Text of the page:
After making the women’s quadruple sculls team in the 1984 Olympics, winning silver and co-owning the Seattle Storm, Ginny Gilder has moved on to her next endeavor: writing a book.
Course Correction is a 250-page memoir that delves into Gilder’s history with breaking gender barriers at Yale University, growing up in a dysfunctional family and realizing her true sexual identity.
Gilder grew up with a lot of money and was mostly taken care of by nannies on the Upper East Side of Manhattan. When her father left the family for a summer nanny and her mother attempted suicide, Gilder left for an all-girls boarding school.
After watching the Head of Charles Regatta in Cambridge, she decided to start rowing.
“I thought rowing gave me another opportunity to distance myself,” she said in her book. “To swerve off the expected route and run in a new direction.”
She joined the team at Yale.
“Rowing provided me stability,” Gilder said. “If I can row this boat forward, there’s a certain self-confidence that came from that.”
Gilder became the youngest of 19 female rowers to walk into the office of Director of Physical Education Jodi Barnett and strip with the words “Title IX” painted on their bodies. The act was to show Barnett that by not having their own showers, the females were exploited by the men’s team. A photograph was shown in the Yale Daily News and the New York Times.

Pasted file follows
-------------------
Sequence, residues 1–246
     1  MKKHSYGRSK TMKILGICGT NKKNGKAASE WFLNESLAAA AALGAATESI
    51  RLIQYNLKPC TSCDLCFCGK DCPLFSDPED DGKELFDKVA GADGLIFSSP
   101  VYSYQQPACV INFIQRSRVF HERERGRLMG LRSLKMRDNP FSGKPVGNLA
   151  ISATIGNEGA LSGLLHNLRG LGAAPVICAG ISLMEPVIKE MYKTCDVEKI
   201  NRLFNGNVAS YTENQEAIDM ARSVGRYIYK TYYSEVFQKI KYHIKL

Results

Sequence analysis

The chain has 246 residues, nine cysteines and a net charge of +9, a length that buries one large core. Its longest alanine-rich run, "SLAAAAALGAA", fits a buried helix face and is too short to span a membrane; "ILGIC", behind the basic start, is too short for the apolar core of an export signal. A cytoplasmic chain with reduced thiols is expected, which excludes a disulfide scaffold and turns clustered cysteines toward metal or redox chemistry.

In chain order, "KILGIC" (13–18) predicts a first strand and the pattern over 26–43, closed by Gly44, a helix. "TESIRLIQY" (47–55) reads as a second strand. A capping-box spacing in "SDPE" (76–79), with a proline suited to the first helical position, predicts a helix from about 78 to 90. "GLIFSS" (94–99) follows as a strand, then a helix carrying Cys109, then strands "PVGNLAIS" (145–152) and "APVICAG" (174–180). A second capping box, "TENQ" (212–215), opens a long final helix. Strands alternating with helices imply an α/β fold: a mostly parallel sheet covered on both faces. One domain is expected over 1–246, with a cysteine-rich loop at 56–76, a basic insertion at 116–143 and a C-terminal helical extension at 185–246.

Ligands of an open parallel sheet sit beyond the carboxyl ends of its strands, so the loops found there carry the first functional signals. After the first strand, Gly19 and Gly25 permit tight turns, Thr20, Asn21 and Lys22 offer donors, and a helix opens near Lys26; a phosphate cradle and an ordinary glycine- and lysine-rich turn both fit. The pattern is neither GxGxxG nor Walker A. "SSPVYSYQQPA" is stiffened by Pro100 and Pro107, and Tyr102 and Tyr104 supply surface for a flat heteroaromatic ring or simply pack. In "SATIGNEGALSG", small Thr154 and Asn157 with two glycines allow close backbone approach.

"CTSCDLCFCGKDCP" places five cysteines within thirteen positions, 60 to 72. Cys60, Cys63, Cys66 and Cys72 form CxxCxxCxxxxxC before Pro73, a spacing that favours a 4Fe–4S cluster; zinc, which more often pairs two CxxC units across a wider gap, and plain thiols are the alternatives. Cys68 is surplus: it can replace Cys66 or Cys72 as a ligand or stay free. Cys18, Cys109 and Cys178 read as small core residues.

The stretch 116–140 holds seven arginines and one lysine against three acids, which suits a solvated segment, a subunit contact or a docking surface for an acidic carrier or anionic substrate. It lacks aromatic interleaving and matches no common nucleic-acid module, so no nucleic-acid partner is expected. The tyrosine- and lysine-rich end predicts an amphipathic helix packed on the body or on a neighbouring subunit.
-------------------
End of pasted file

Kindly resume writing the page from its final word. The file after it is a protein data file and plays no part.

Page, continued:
“We had a sense of history, but in terms of individual courage, I felt like I was taking a huge risk,” Gilder said.
In 1980, Gilder earned a spot on the U.S. Olympic Rowing Team, but never went because of the U.S. boycott that year. Four years later, she competed in the women’s quadruple sculls team and won silver.
Gilder got married and started taking tennis lessons with her husband from Lynn Slaughter. The two women fell in love and married.
Ten years later, WNBA Seattle Storm co-owners Dawn Trudeau and Lisa Brummel, another Yale alumnae, asked Gilder if she wanted part of the team as well.
“I am not a huge basketball fan in and of itself,” she said. “There’s an emotional ownership. I wanted to get reconnected with the community and work with women because the investment community is heavily male.”
Now, after training hard to get to the top of her sport, making history with her naked walk-in, and figuring out her sexuality, Gilder can add writer to her list of accomplishments.
“It was a new frontier,” she said of her memoir. “An intellectual challenge.”
Gilder will be discussing her book on May 5 at Seattle’s Town Hall and May 23 at The Elliot Bay Book Company with author Daniel James Brown of The Boys in the Boat.